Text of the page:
Plot: After her sister is killed, Windsor (Susie Celek) is desperate for answers and ventures to her sister’s old haunts, hoping to run into her friends and perhaps learn more about her death. But she is treated like an outsider and no one will open up to her, until she finds her sister’s friends and learns that to be accepted in this crowd, you need to fight. This leads to Windsor seeking help from Jabs (Miesha Tate), a respected fighter who agrees to train her out of respect for her sister, though she also has a slightly shady reputation. Soon Windsor is learning some basic fight skills and finding out more about her sister’s death, which she learns happened when a fight went too far. Of course, Windsor wants payback on those responsible, but can she handle the fierce fighters of this harsh neighborhood?
Entertainment Value: I was drawn to Fight Valley by the presence of several real life mixed martial artists, including former world champions Miesha Tate, Holly Holm, and Cris Cyborg. I was curious how well these warriors would transition to cinema and of course, hoped for some brutal, well staged fight scenes. While the narrative does center on a fight circuit, Fight Valley is more of a drama with some action sequences sprinkled in. In other words, don’t expect wall to wall fights in this one, but there are several scraps on showcase. The dramatic elements are passable, but despite the legit bad ass status of the real life fighters, the serious vibe is undermined by some cringe dialogue and not so believable elements. This leads to some unintentional humor at times, which is either good or bad news, depending on your preferences. The cast isn’t terrible, but comes off as stilted and sometimes wooden, which again impacts the attempts at emotional beats or street cred. Tate seems odd here, as she is so charismatic in real life, but comes off as awkward and deadpan in this role. In the end, I think Fight Valley is too serious and lacks the dramatic chops, cast and script wise to make that work, so it ends up as either bland or campy. But if you can appreciate a group of beautiful, tough woman throwing down, perhaps this is worth a look.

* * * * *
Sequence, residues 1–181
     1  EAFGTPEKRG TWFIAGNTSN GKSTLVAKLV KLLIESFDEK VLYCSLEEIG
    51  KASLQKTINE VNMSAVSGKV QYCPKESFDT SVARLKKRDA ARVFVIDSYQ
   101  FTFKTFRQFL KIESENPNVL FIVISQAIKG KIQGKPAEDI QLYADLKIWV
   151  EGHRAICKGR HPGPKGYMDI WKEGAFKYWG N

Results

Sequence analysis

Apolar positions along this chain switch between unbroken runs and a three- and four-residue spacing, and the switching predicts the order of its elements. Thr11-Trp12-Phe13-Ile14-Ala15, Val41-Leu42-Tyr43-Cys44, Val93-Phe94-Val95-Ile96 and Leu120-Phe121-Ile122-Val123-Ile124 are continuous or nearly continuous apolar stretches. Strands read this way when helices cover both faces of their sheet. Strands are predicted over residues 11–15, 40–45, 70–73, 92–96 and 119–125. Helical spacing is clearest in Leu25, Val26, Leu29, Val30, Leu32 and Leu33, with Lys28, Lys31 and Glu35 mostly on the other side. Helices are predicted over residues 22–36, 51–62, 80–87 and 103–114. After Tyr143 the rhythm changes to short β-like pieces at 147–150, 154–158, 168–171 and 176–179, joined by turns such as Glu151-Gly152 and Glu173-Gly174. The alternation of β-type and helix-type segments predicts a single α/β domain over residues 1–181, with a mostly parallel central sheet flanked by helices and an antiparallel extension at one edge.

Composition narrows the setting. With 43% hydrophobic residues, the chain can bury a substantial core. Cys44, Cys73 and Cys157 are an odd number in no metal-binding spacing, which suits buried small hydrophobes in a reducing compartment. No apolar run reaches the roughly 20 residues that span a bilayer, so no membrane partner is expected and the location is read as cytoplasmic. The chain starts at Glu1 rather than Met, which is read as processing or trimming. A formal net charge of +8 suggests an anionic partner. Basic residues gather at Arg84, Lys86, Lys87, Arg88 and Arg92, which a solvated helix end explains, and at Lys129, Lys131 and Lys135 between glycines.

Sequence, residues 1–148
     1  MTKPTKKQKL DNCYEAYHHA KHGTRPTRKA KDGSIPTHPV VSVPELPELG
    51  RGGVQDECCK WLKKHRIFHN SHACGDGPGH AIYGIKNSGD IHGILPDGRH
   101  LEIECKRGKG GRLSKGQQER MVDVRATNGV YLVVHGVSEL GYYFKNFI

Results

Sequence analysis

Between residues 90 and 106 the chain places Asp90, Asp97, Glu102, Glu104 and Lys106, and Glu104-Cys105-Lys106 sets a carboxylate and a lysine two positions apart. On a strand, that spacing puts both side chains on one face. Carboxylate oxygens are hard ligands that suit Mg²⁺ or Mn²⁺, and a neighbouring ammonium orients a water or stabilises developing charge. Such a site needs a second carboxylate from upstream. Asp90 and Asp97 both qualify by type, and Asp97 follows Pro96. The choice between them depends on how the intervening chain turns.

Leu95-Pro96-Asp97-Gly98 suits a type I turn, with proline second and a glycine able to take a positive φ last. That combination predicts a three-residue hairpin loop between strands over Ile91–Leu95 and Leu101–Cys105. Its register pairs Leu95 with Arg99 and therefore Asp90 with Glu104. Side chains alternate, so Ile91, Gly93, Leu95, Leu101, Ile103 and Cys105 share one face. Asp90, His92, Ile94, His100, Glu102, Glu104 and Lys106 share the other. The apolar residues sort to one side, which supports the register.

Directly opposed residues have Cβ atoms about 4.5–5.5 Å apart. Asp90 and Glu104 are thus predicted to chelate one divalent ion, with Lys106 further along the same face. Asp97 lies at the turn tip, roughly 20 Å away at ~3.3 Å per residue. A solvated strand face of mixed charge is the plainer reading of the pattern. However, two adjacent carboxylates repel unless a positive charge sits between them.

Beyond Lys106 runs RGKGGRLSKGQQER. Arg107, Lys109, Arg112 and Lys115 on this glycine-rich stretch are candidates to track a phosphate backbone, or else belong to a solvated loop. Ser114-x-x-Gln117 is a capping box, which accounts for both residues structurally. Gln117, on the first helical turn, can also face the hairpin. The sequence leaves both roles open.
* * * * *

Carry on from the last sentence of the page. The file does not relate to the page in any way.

A couple of brief topless scenes, but no other sleaze is present. A little blood comes in during the fight scenes, but it is minor and amounts to various abrasions or damage from the strikes. The action is passable here, but the movie focuses on narrative over fights, which is an odd choice. The movie works when it leans on the fights or at least the atmosphere around them, but the more dramatic threads or character development attempts fall flat. When there are fight scenes, they work well enough, but don’t have the kind of impact and presence I expected, given that so many real life fighters were involved. The dialogue is fun, but in unintended ways, thanks to some ineffective lines and a mostly wooden cast. The tough girl talk is kind of effective at times, but overall the real value here is camp related. No real craziness in this one, it sticks with drama themes and a little action here and there. More wild moments would have helped, given the pace and rather bland dramatic elements.
Overall Insanity: 0/10